Anyone who’s followed Chuckie Perez’s suave blend of rap and R&B since his early 90s beginnings can account for an unwavering commitment to authenticity. Long before their was “bling, bling” and pre-fabricated urban incarnations, the California based artist has been cutting his teeth on the streets, impacting every facet of culture in his community and beyond, while breaking down barriers of all associations in the process.
Throughout that span, those mediums have featured a variety of label outlets (like Essential, Diadem and current home CrownTown Records) along with global touring, including trips to Europe, Israel and even an appearance with the Pope at World Youth Day before a quarter million people. The star’s also been applauded in the press- from an L.A. Times cover story to Billboard to CNN- and has penned tracks for immensely popular TV shows including “One Life to Live,” “All My Children” and notable programming throughout Italy.
Given that meteoric rise and a legion of fans that span global territories, it’s no wonder why Perez’s forthcoming 2005 effort A Page From My Life has been met with much anticipation. Add in the fact that it’s his first recording of any kind in three years (nine since recalling his spiritual roots) and fans’ interest levels have reached a frenzied peak. So where has this west coast creator, innovator and genre blending purveyor been after all this time?
“I took some time off to get married, had a son and cleared my head a bit from the whirlwind of all that came before,” says the personable and enthusiastic singer/songwriter/producer. “I had to take a step back in order to fully dedicate time to those new life experiences, but I have my own studio and was still writing music that whole time.”
Unlike many acts that conjure up some sort of dramatic scenario or, on the opposite end, sugar coat a problem to wrap up nice and pretty, Perez is to be commended for his honesty and vulnerability. Each one of the ten cuts in this latest offering is lifted straight from his personal life, those within his direct circle in addition to the emotional roller coaster riding all parties face on a daily basis.
“I got real tired of listening to so many Christian artists not being real with their audience,” Perez admits. “I’ve always been an open book in my lyric writing, though now I think I’ve turned a corner to be even more inclusive and in-depth about what’s going on straight out of my experience scope.”
Issues include survival through street savvy certainty (the title track) to overcoming the setbacks a selfish society can inflict (“Couldn’t Keep Me Down”) to light-hearted get up and dance escapism (“Groovie”). There’s also a call for racial unity, tolerance over judgmentalism and peace over problem starting- all hopeful but practical scenarios that fall under Perez’s spiritual stability.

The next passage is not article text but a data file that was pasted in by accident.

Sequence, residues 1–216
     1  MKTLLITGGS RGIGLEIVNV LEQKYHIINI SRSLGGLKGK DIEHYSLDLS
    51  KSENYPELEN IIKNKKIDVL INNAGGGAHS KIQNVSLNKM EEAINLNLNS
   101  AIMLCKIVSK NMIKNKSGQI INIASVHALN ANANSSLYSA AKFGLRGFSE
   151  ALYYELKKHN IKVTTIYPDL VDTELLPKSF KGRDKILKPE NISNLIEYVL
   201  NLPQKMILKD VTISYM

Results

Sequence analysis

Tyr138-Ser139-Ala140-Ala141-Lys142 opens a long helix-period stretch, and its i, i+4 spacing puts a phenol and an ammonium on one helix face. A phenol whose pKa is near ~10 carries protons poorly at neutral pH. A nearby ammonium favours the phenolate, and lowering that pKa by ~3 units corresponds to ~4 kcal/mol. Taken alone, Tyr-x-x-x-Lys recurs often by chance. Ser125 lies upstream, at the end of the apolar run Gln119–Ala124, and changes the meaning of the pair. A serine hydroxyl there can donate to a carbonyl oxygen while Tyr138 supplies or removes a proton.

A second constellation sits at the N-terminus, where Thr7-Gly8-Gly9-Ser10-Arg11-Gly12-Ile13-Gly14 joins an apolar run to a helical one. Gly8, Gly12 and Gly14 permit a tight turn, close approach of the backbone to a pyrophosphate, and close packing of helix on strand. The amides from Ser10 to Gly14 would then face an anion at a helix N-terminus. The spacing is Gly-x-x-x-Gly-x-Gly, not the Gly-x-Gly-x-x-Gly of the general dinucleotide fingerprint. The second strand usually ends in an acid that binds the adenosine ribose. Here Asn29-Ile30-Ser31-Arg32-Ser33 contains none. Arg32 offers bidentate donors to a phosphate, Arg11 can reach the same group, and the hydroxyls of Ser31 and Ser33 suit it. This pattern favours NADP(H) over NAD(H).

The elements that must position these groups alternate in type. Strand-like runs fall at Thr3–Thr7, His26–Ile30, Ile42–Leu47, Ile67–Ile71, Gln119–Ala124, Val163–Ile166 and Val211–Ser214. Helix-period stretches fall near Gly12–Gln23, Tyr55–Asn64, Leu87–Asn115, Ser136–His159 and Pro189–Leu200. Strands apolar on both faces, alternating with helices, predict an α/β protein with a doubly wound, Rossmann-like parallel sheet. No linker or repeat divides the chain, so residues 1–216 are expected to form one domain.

“I’m always growing in my faith, though I’ve gotten away from religion completely,” he shares. “I’m not into the ceremonial stuff where everybody’s looking at those outside their walls as a heathen. My message is based on my relationship with God, but it’s designed for all audiences and is never set up to limit anyone from feeling included.”
Take for instance the scintillating fiesta jam “My People” (a collaboration with New Breed’s Macho) about a bold new generation of believers and a celebration of one’s faith no matter their ethnicity or background. On the flipside, there’s also “Hip Hop Crasy,” an assessment of hip-hop artists who talk about the inner city when they actually live in the country and never experienced other cultures (further affirming Perez’s reputation as the originator of Christian urban dance music).
“I’ve stayed in California for many reasons, but it’s mostly to stay close to the heart of the music I’m writing,” Perez says of his urban area residency. “It wouldn’t be the real deal for me to cover topics like those sitting in some safe suburb and not actually getting out in front of people. It’s fine to move to Nashville if you want to write country music, but it would’ve been impossible for me to write within R&B, rap or hip-hop traditions, aside from living in the actual culture.”
Another example of socially conscious dialogue comes in the electrifying beat box execution within “Legacy” (featuring Dax from the Tunnel Rats) a song speaking about second chances and leaving behind a respectable heritage for one’s family. Autonomy is also an essential undercurrent on the album, best represented in “Break Free” and “Freedom,” both of which discuss starting over under the guise of Perez’s supernatural centering.
After fully encompassing oneself in A Page From My Life, it’s easy to see why Perez is proud of the project on both message and sonic surfaces. Not only is the disc destined to resonate with those who’ve fallen in love with his previous efforts, but it’s likely to reel in brand new followers of all musical associations given its genre jumping intelligence, slick production, plus old and new school blend.
“My goal is to throw everything out on the table with this project,” Perez summarizes. “You’ll hear the past meeting the present and a definite pop radio appeal. But bottom line is I have a lot of say that needs to be heard and embraced. My goal is that through these words and me coming from a genuine place, someone else may be encouraged or inspired. That’s what authenticity means to me.”
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